Sister Michelle Carroll, R.S.M., founding principal of Mercy High School, dies at 96

Sister of Mercy Michelle Carroll, the founding principal of Mercy High School in Baltimore, died Aug. 23 in Savannah, Ga. She was 96 and had served as a Religious Sister of Mercy for 73 years.

“She was very much in control, but she was a very gentle woman,” said Mercy Sister Carol Wheeler, who was an English, religion and Latin teacher at Mercy while Sister Michelle was principal. “I learned a great deal from her.”

Sister Carol, who later led Mercy as the head of school for nearly four decades, remembered Sister Michelle as an excellent administrator.

Sister Michelle, never jumped to conclusions quickly, Sister Carol said. When Sister Carol wondered what punishment Sister Michelle would give students when they got into trouble, Sister Michelle would say, “It all depends.”

Sister of Mercy Michelle Carroll, the founding principal of Mercy High School in Baltimore, is shown with students. (Courtesy Mercy High School)

The quote, Sister Carol said, sticks out in her memory, as Sister Michelle used it often to say that she needed more information.

“She was an extraordinary person,” Sister Carol said. “The students respected her a great deal.”

Sister Michelle was also greatly popular with her teachers – young Sisters of Mercy including Sister Augusta Reilly, who taught English and creative writing and advised the dramatics club.

Sister Augusta recalled Sister Michelle’s southern charm and quiet elegance. Sister Michelle allowed the dramatics club to stray from the previously standard all-girls, Catholic high school plays such as Alice in Wonderland and Treasure Island, and move to more sophisticated readings from authors such as John Knowles and J. D. Salinger.

“Sister Michelle respected what we wanted to do enough to let us do it,” Sister Augusta said. “She had balance – respect for what was old, but also for what was new.”

A Florida native, Sister Michelle earned a bachelor’s degree in chemistry from Florida State University. During World War II, she was a research chemist and helped develop Vitamin C supplements for United States soldiers.

In 1944, Sister Michelle entered the Sisters of Mercy. She taught at Mount St. Agnes High School and College in Mount Washington and was a teacher and principal at St. Vincent’s Academy in Georgia. She earned a master’s degree in education with certifications in chemistry and biology from what is now Loyola University Maryland in Baltimore in 1958.

Two years later, she was appointed founding principal of Mercy High School by the Sisters of Mercy. The school opened its doors Sept. 26, 1960 to 315 freshmen. By 1963, the school was thriving with more than 1,000 students enrolled.

In “First & Forever: A People’s History,” an archdiocesan history by Rafael Alvarez, the author quotes Sister Michelle’s recollections of a 1964 visit to the school by Beatles guitarist George Harrison.

Sister of Mercy Michelle Carroll, the founding principal of Mercy High School in Baltimore, died Aug. 23 in Savannah, Ga. She was 96 and had served as a Religious Sister of Mercy for 73 years. (Courtesy Mercy High School)

“I got a call from a manager or an agent, a very professional call,” Sister Michelle said in the book. “This person said the Beatles had a short period of time (in Baltimore) and really wanted to know what schools in the United States were like and could one of them come over.”

The book states that Mercy, then four years old, was considered state-of-the-art for female, secondary Catholic education. Sister Michelle was happy to welcome the musician for a visit, which lasted no more than a half-hour, but said that she did not know much about rock and roll.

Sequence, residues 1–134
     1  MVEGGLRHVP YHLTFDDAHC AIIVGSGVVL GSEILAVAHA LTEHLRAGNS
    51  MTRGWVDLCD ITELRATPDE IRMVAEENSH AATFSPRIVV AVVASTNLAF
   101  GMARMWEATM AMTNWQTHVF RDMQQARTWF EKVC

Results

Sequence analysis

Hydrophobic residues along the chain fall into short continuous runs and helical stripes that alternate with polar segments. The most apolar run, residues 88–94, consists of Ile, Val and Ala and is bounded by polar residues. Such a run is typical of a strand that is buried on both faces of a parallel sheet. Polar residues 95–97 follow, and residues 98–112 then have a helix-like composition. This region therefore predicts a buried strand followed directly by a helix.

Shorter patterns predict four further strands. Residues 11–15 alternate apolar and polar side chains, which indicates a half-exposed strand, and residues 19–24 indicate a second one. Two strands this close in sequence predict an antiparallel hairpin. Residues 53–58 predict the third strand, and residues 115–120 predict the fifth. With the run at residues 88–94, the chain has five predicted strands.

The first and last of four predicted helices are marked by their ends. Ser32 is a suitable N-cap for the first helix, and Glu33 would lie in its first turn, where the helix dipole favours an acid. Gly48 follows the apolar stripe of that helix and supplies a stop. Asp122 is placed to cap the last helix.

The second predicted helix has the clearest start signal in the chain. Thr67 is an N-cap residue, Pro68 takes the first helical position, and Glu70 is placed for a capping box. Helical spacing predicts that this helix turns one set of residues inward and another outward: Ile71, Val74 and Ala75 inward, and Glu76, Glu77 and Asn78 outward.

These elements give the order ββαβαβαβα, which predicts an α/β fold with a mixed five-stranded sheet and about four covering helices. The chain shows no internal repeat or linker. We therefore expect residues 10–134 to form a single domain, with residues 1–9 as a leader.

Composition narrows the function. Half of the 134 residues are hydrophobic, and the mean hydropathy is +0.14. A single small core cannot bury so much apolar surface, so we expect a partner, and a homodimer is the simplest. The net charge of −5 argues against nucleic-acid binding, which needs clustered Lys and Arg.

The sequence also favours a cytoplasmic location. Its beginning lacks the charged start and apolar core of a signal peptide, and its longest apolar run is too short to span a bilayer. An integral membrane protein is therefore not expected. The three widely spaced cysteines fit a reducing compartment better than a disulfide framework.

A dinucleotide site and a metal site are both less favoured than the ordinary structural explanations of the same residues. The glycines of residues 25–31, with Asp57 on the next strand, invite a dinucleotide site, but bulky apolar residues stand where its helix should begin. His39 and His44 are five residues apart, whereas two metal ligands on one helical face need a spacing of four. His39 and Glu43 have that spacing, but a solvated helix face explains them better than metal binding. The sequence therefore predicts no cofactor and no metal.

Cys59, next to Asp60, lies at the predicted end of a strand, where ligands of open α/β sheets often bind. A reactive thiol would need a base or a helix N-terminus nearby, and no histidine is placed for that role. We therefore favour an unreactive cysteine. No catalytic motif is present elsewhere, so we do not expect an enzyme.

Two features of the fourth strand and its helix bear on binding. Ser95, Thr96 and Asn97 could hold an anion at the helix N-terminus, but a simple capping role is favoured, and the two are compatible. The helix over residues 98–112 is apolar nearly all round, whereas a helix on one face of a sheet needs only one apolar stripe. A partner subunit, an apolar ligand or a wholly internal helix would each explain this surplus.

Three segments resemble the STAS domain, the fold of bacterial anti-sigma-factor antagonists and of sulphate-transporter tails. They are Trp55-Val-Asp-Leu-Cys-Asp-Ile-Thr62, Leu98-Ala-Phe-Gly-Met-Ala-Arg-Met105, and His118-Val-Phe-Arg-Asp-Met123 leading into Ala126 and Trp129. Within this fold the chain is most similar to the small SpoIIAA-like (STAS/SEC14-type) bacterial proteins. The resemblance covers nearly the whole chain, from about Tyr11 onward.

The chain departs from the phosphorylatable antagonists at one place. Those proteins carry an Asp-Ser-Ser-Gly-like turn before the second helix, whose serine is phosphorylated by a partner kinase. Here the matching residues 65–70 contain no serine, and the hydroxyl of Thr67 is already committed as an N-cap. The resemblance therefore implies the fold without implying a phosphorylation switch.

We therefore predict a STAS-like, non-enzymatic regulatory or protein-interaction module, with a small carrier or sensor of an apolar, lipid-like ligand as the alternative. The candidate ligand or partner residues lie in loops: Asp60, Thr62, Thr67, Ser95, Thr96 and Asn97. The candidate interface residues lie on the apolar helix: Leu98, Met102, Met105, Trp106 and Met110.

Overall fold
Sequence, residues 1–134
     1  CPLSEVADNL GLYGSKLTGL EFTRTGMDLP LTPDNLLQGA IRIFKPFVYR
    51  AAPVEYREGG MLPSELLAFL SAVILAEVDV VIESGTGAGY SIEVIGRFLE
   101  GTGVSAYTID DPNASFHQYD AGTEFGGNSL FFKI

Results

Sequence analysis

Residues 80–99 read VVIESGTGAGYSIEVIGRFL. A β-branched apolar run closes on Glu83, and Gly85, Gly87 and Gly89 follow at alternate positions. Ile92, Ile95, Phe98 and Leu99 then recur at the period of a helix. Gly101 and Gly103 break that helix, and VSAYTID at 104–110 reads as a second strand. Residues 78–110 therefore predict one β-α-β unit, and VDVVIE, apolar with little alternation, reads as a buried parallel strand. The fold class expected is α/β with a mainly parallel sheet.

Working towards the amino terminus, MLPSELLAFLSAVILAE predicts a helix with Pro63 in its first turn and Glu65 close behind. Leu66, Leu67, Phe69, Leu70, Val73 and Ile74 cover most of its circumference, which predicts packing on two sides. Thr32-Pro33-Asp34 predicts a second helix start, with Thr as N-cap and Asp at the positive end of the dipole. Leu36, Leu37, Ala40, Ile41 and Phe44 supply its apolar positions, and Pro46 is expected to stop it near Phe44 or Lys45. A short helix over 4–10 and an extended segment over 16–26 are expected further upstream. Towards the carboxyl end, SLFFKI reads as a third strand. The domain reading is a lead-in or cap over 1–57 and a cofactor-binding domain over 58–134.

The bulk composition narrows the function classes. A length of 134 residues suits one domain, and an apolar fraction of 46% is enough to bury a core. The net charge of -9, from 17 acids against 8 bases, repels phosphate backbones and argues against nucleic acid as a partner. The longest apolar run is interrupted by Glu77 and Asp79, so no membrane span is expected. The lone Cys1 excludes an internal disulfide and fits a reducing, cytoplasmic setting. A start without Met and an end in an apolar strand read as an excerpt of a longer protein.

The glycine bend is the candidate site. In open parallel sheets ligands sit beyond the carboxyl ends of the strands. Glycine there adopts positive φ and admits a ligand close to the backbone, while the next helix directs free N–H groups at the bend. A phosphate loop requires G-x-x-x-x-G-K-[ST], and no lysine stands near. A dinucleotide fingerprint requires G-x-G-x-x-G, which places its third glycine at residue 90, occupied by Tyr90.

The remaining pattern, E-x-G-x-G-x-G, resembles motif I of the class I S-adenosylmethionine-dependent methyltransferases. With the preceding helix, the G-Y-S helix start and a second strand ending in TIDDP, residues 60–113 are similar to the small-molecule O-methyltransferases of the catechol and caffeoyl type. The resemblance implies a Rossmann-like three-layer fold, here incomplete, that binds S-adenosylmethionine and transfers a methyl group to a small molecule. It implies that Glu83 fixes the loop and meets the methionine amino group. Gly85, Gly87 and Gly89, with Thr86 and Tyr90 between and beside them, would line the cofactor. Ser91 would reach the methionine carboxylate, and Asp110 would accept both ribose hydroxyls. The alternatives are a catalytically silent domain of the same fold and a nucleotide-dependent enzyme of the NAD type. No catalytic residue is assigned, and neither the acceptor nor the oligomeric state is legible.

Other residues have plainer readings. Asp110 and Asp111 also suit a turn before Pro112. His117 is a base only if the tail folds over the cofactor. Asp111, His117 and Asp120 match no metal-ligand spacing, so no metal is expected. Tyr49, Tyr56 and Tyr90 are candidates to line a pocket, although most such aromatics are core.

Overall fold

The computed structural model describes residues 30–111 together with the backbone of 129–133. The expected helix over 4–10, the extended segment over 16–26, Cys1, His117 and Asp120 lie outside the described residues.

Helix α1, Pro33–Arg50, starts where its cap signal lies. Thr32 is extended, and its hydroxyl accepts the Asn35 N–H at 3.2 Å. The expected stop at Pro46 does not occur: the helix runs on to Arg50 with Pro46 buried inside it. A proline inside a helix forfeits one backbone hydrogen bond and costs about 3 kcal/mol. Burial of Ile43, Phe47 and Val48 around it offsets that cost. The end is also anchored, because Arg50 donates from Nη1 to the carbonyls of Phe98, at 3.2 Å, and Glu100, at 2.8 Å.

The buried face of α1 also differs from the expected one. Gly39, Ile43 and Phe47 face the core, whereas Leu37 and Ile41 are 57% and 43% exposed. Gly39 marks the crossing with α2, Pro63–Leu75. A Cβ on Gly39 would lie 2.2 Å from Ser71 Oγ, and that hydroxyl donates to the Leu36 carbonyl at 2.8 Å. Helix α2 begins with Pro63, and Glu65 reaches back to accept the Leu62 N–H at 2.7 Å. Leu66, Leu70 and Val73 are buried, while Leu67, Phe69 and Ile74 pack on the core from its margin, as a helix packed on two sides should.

“I was in my early 40s in 1964 and there were always crazes that girls (were susceptible to),” she said. “But I can’t recall any nearly as strong as this one. It was a different magnitude.”

Phyllis Herz Procheska saw Harrison walking the halls, and asked to be excused from class to go to the office, where she was able to meet him and get an autograph.

“Sister Michelle was in the office with us and she told me to stay where I was until he left the building so I wouldn’t cause a riot in an all-girls school,” Procheska is quoted in the book. “She knew what I’d done and I saw her smile.”

Sister Michelle served as principal until 1966, when she transitioned to her role as assistant provincial of the Baltimore Province of the Sisters of Mercy. She returned to Mercy High School in 1971, serving two years as a guidance counselor, before becoming provincial of the Baltimore Province and vice president of sponsorship for St. Joseph’s Health System in Atlanta.

“Her focus on academic excellence and rigor are hallmarks of a Mercy education today,” Mary Beth Lennon, current president of Mercy High School and a 1985 graduate, wrote in a letter to the school’s community. “Throughout her life, Sister Michelle maintained a lively interest in Mercy High School Baltimore … As a school community, we are deeply grateful to God for Sister Michelle’s life of visionary leadership and faithful service.”

A funeral Mass was offered for Sister Michelle Aug. 29 at St. Frances Cabrini Catholic Church in Savannah.

 

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Emily Rosenthal

Emily Rosenthal

Emily Rosenthal is a staff writer for the Catholic Review. She is a lifelong resident of Maryland and a parishioner of St. John in Westminster.

A love of learning inspired Emily’s path into the field of journalism. Her desire to continuously grow in her Catholic faith led her to writing for the Review, where she is dedicated to sharing the stories of the Archdiocese of Baltimore.

Emily is a graduate of Delone Catholic High School in McSherrystown, Pa. She holds a bachelor's degree in business communication from Stevenson University and is currently pursuing a master's degree in nonfiction writing from The Johns Hopkins University.